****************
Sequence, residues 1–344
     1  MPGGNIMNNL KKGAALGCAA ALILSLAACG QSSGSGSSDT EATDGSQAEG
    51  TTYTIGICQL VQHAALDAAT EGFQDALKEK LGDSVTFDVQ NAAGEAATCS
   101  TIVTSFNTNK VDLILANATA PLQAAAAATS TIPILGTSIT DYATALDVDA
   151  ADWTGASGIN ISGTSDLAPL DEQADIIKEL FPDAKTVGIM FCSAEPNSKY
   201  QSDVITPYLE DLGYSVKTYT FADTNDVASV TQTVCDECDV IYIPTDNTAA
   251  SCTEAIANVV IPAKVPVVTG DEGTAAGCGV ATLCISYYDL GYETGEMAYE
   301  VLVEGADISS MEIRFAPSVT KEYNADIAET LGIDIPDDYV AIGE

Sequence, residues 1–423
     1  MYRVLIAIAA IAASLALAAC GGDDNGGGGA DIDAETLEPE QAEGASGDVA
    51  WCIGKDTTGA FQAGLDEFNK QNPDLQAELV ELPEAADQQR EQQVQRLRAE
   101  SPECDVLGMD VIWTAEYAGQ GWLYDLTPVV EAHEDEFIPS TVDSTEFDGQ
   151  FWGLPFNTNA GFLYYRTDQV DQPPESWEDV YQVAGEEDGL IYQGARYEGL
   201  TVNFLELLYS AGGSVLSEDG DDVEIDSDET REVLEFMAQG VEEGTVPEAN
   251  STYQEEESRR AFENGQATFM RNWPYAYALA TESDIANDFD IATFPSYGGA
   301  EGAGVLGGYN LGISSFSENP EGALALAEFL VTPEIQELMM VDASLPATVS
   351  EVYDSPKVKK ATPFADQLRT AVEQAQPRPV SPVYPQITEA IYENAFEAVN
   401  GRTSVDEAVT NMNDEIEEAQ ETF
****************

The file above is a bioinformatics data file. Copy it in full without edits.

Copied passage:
Sequence, residues 1–344
     1  MPGGNIMNNL KKGAALGCAA ALILSLAACG QSSGSGSSDT EATDGSQAEG
    51  TTYTIGICQL VQHAALDAAT EGFQDALKEK LGDSVTFDVQ NAAGEAATCS
   101  TIVTSFNTNK VDLILANATA PLQAAAAATS TIPILGTSIT DYATALDVDA
   151  ADWTGASGIN ISGTSDLAPL DEQADIIKEL FPDAKTVGIM FCSAEPNSKY
   201  QSDVITPYLE DLGYSVKTYT FADTNDVASV TQTVCDECDV IYIPTDNTAA
   251  SCTEAIANVV IPAKVPVVTG DEGTAAGCGV ATLCISYYDL GYETGEMAYE
   301  VLVEGADISS MEIRFAPSVT KEYNADIAET LGIDIPDDYV AIGE

Sequence, residues 1–423
     1  MYRVLIAIAA IAASLALAAC GGDDNGGGGA DIDAETLEPE QAEGASGDVA
    51  WCIGKDTTGA FQAGLDEFNK QNPDLQAELV ELPEAADQQR EQQVQRLRAE
   101  SPECDVLGMD VIWTAEYAGQ GWLYDLTPVV EAHEDEFIPS TVDSTEFDGQ
   151  FWGLPFNTNA GFLYYRTDQV DQPPESWEDV YQVAGEEDGL IYQGARYEGL
   201  TVNFLELLYS AGGSVLSEDG DDVEIDSDET REVLEFMAQG VEEGTVPEAN
   251  STYQEEESRR AFENGQATFM RNWPYAYALA TESDIANDFD IATFPSYGGA
   301  EGAGVLGGYN LGISSFSENP EGALALAEFL VTPEIQELMM VDASLPATVS
   351  EVYDSPKVKK ATPFADQLRT AVEQAQPRPV SPVYPQITEA IYENAFEAVN
   401  GRTSVDEAVT NMNDEIEEAQ ETF